Eat the Rich (book)

From Wikipedia, the free encyclopedia
Jump to: navigation, search


Eat the Rich: A Treatise on Economics is a 1998 book by P. J. O'Rourke which explains economics in a humorous way. Its chapters include Good Capitalism (United States), Bad Capitalism (Albania), Good socialism (Sweden), Bad socialism (Cuba), and an intermission on "Economics 101", teaching facts that your economics professor didn't tell you, including the "ten less basic rules of economics". Subsequent chapters are on How to make everything out of nothing (Hong Kong), How to make nothing out of everything (Tanzania), How (or how not) to reform (maybe) an economy (if there is one) (Russia) and Eat the rich, the last an encomium to capitalism.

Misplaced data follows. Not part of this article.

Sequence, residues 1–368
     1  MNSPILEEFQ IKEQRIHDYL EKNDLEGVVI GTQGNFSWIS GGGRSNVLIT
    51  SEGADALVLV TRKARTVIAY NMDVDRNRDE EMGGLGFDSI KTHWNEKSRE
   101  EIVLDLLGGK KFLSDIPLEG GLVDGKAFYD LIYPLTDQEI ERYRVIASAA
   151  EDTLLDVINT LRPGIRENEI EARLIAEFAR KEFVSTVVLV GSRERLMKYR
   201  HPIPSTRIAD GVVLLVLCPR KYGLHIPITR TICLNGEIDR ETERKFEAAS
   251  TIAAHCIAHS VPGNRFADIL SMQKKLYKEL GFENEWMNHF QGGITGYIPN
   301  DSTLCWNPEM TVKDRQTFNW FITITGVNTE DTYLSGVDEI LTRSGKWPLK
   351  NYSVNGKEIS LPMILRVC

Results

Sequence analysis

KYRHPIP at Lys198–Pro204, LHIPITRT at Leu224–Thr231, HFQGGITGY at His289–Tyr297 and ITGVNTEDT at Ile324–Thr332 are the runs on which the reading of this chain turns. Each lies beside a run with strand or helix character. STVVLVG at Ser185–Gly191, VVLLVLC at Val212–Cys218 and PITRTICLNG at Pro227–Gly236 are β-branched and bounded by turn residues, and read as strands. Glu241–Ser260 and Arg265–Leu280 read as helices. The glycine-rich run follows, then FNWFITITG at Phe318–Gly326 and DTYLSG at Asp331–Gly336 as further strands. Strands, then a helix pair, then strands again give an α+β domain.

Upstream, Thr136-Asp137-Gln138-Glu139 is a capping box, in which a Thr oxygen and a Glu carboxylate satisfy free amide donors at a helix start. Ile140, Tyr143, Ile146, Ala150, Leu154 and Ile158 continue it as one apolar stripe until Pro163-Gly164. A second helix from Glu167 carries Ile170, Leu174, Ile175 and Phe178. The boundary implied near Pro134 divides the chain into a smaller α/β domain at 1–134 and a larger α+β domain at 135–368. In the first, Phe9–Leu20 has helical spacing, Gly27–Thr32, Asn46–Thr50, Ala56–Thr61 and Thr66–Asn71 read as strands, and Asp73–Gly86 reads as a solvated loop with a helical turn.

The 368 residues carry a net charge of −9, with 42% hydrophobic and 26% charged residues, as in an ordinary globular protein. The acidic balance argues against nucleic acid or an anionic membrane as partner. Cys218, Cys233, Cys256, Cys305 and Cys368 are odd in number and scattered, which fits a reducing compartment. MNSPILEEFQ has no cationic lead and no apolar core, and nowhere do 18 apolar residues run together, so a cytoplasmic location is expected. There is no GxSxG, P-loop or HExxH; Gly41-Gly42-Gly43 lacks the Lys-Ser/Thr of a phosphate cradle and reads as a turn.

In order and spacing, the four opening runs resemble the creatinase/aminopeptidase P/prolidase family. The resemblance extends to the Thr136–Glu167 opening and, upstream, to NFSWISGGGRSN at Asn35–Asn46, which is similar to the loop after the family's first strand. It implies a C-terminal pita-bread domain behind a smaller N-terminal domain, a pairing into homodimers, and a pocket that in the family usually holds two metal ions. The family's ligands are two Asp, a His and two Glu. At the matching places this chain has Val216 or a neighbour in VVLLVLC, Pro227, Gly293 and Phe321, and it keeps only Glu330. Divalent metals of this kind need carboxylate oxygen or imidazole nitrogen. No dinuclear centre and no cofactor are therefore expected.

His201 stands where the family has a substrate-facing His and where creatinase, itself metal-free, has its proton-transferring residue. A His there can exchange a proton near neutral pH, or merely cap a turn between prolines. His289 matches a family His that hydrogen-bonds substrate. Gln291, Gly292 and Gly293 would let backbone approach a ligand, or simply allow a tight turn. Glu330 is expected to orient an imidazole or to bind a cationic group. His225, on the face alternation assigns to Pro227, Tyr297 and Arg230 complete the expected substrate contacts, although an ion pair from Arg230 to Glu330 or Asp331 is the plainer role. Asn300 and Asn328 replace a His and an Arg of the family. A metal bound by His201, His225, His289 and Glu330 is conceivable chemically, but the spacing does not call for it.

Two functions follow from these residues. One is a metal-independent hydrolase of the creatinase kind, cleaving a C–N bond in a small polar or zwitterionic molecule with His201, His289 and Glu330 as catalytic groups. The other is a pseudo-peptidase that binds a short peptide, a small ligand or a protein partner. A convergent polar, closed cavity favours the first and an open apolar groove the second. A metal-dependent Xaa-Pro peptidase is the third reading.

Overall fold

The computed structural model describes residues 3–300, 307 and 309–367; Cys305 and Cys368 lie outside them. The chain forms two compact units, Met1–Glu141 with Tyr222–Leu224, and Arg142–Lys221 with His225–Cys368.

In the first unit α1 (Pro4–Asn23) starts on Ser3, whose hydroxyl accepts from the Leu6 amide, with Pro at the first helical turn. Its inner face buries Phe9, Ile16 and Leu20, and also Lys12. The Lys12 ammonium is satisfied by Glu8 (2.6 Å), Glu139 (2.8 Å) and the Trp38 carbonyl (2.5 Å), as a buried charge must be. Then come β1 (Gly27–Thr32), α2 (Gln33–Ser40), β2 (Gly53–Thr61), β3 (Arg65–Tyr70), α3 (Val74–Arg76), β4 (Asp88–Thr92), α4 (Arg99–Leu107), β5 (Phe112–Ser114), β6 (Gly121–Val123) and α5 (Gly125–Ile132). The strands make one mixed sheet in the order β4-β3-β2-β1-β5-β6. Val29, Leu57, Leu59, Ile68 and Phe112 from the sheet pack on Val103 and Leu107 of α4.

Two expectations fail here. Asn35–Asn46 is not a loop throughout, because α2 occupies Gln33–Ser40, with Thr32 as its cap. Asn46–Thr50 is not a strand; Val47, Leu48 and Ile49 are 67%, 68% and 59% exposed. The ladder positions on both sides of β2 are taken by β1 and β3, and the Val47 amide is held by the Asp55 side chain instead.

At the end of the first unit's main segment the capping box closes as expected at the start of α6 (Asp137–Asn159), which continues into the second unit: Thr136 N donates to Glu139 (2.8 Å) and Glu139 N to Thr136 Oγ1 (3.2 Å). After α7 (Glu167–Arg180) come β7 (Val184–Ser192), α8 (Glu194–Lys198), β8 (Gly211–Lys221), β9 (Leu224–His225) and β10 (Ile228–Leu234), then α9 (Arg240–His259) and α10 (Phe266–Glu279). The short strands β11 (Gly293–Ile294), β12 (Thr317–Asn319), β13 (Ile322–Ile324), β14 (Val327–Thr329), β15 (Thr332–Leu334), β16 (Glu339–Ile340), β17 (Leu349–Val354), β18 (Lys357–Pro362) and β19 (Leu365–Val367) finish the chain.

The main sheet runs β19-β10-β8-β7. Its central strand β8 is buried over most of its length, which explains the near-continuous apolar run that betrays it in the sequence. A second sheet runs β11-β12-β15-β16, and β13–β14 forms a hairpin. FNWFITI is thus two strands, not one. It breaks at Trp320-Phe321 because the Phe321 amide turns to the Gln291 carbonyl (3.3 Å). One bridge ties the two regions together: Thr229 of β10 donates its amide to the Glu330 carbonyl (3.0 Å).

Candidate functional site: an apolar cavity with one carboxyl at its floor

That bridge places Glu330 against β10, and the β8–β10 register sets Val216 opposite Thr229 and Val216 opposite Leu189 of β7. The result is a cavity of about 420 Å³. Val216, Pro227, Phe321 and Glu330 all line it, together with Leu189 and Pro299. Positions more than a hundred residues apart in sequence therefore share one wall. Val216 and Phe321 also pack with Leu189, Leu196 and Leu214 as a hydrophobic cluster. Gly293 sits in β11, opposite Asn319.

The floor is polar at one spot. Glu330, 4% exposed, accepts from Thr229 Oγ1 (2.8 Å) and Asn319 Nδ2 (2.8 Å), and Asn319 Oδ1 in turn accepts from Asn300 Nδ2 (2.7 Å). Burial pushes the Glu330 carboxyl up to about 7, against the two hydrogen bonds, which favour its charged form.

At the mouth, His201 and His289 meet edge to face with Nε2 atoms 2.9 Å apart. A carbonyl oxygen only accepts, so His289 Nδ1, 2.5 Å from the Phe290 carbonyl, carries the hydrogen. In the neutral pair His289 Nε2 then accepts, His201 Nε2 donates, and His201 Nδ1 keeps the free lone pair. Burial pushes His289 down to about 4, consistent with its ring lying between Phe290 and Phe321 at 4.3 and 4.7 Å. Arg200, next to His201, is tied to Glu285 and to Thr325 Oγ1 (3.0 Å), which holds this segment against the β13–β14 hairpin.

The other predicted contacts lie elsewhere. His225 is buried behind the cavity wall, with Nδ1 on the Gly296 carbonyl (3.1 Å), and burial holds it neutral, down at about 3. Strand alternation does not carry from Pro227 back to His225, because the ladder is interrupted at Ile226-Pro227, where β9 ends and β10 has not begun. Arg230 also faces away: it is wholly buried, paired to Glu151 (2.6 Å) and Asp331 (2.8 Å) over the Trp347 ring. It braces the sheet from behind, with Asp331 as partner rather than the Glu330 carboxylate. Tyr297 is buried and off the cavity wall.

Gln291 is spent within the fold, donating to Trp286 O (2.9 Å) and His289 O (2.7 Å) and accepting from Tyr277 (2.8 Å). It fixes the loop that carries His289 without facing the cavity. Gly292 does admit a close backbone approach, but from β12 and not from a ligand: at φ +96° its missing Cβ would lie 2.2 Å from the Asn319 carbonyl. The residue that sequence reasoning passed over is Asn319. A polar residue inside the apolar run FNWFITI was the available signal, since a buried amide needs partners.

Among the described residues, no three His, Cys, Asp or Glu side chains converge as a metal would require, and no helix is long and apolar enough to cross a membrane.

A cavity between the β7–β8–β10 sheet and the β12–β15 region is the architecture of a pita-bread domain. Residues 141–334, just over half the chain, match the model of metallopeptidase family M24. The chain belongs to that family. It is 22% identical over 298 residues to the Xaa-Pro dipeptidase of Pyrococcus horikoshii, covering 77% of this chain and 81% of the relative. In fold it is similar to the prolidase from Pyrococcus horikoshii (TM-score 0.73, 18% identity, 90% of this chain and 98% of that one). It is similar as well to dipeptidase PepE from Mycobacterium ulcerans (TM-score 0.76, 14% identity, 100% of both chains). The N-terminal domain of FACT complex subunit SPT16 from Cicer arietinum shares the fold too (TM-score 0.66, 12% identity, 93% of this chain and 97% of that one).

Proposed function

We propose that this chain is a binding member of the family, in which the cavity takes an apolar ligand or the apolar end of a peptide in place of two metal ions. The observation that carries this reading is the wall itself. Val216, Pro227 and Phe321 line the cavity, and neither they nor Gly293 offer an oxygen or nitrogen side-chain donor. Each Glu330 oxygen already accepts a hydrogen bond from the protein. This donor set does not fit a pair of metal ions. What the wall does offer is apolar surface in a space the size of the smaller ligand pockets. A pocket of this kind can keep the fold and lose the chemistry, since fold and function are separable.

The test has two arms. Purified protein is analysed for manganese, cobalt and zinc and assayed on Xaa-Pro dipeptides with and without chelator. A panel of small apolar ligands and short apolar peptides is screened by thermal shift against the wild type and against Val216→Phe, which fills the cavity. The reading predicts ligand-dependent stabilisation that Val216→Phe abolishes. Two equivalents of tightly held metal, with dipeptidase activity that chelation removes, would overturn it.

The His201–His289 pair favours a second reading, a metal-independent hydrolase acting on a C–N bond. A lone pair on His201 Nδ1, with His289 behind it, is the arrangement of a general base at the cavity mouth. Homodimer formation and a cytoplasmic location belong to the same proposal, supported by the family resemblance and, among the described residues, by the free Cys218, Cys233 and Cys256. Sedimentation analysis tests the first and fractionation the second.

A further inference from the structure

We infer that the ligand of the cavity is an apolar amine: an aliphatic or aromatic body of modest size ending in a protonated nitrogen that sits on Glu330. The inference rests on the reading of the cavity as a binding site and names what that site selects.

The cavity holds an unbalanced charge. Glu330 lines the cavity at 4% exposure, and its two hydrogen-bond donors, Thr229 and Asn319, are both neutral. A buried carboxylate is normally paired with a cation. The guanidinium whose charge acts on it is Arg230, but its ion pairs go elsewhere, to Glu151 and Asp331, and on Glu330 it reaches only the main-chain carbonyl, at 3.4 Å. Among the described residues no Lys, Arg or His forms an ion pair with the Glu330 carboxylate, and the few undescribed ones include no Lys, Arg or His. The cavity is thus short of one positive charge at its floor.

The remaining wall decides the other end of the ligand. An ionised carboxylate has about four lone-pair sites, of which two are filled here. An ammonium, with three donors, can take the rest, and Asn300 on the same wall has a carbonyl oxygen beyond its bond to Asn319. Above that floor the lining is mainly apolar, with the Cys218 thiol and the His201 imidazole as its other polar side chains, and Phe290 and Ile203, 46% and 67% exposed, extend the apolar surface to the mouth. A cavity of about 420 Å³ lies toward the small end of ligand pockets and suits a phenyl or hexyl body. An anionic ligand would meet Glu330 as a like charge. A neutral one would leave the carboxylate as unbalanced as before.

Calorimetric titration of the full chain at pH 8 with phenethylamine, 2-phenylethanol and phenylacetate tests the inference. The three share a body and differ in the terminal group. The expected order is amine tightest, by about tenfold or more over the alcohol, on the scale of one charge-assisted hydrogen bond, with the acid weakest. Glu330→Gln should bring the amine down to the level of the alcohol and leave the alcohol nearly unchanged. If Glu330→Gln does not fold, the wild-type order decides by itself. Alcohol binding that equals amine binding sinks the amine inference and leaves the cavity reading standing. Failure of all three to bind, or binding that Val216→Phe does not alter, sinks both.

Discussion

O'Rourke uses wit and an entire lack of mathematics (except in rare glances for parody) to claim that economics is something we all do every day, and only economists seem to find it difficult. He states, for example, that he has read The Wealth of Nations without finding any mathematics in it at all.

In the Acknowledgements, O'Rourke admits to stealing the title which he first saw on a Lebanese Shi'ite Militia T-Shirt in the mid 80's. He also remembers later hearing its appropriation in an Aerosmith song and acknowledges its use in the Motörhead song, "Eat the Rich".

References[edit]

Further reading[edit]

External links[edit]